Scriptores Historiae Augustae, edidit E. Hohl, editio stereotypa correctior addenda et corrigenda adiecerunt Ch. Samberger et W. Seyfarth, vol. I, Leipzig 1971 (5. Auflage) (Bibliotheca Scriptorum Graecorum et Romanorum Teubneriana)
This term is used to identify the biographies of the emperors from Hadrian to Numerian, i.e. from AD 117 to AD 285, with the exception of the period comprising AD 244-53. It includes thirty biographies that refer to a much higher number of sovereigns or usurpers (as an example, the so-called “thirty tyrants”, thirty people who sought to take power between the fall of Valerian at the hands of the Sassanians in AD 260 and the ascension of Diocletian in AD 284, are treated in a single biography). The manuscript tradition, essentially based on the codex Vaticanus Palatinus 899 of the 9th c., attributes them to six different authors, but on the question of their attribution and dating see the author card. Their importance is immense, since in many cases they constitute the only source for this extremely complicated period of Roman history. The complete list of biographies is as follows, divided according to the authors attributed to the biographies by the manuscript tradition:
Vulcacius Gallicanus: Vita Auidii Casii
Aelius Spartianus: Vita Hadriani; Vita Severi; Vita Pescennii Nigri; Vita Antonini Caracallae; Vita Antonini Getae
Aelius Lampridius: Vita Commodi Antonini; Vita Diadumeni Antonini; Vita Antonini Heliogabali; Vita Alexandri Seueri
Iulius Capitolinus: Vita Antonini Pii; Vita Marci Antonini philosophi; Vita Veri; Vita Heluii Pertinacis; Vita Didii Iuliani; Vita Clodii Albini; Vita Opilii Macrini; Vita Maximini I; Vita Maximini II; Vita Gordiani I; Vita Gordiani II; Vita Gordiani III; Vita Maximi et Balbini.
Trebellius Pollio: Vita Valeriani I; Vita Valeriani II; Vita Gallieni; Vita Gallieni Salonini; Vita Triginta Tyrannorum; Vita Divi Claudii
Flavius Vopiscus: Vita Divi Aureliani; Vita Taciti; Vita Probi; Vita Firmi, Saturnini, Proculi, et Bonosi; Vita Cari, Carini, et Numerani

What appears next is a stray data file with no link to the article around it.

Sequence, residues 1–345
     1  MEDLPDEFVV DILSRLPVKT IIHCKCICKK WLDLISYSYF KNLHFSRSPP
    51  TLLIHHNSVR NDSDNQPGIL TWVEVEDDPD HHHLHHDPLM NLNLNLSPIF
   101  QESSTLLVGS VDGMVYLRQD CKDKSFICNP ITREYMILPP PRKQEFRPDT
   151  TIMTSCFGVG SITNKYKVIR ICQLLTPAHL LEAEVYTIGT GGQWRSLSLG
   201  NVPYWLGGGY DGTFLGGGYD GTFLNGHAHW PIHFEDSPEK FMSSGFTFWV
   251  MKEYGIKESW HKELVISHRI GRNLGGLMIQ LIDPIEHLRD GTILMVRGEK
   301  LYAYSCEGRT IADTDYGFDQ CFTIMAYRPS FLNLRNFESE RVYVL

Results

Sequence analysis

The biographies are of various lengths, which range from two chapters in the life of Valerian II to the sixty-eight in that of Alexander Severus, and make reference to the Suetonian model of treatment per species (Vita Maximi et Balbini 4: Sed priusquam de actibus eorum loquar, placet aliqua dici de moribus atque genere, non eo modo quo Iunius Cordus est persecutus omnia, sed illo quo Svetonius Tranquillus et Valerius Marcellinus). Very often, however, neither the criterion of ordering through rubrics nor that of chronology is followed; rather, one witnesses progressions that are at times entirely chaotic and that greatly favor the anecdotal. From an ideological point of view, one can perceive a senatorial outlook that infuses all the biographies, in which words of praise are reserved for emperors like Probus, who sought to govern in harmony with Rome’s ancient institutions. Scholars have further identified a characteristically pagan religious outlook, which comes to light especially through the criticism of Christian emperors.
In terms of stylistics, recent studies (Adams) have highlighted how no substantial differences in quality can be detected between the various biographies, even if in a few of them rhetoric assumes greater importance.
The debate concerning sources is very complex: these have been partially identified as a lost work of Marius Maximus, who lived between the 2nd and 3rd c. AD and was the author of twelve imperial biographies from Nerva to Heliogabalus, and the writings of Herodian, Dexippus, and Eunapius, in addition to lesser authors of whom only a few testimonies remain for us, such as Iunius Cordus and Valerius Marcellinus. Numerous similarities have been perceived between the Historia Augusta and the historians Sextus Aurelius Victor and Eutropius, but the relationship between them is not yet clear and is impossible to determine with precision whether the biographies of the Historia depend on the two historians or vice versa. [A. Balbo; tr. C. L. Caterine].